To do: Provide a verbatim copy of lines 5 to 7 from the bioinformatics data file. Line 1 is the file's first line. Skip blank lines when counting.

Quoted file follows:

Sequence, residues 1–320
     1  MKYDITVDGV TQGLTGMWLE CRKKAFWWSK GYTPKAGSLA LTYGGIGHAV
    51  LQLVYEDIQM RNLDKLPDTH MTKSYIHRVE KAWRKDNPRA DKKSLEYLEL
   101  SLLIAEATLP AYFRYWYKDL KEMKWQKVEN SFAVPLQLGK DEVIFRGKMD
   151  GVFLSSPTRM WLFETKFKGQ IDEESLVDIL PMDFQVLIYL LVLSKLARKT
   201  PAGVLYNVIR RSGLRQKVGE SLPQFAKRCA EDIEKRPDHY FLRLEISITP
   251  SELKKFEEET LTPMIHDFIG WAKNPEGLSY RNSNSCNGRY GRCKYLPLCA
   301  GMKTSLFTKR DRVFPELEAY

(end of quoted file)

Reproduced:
   151  GVFLSSPTRM WLFETKFKGQ IDEESLVDIL PMDFQVLIYL LVLSKLARKT
   201  PAGVLYNVIR RSGLRQKVGE SLPQFAKRCA EDIEKRPDHY FLRLEISITP
   251  SELKKFEEET LTPMIHDFIG WAKNPEGLSY RNSNSCNGRY GRCKYLPLCA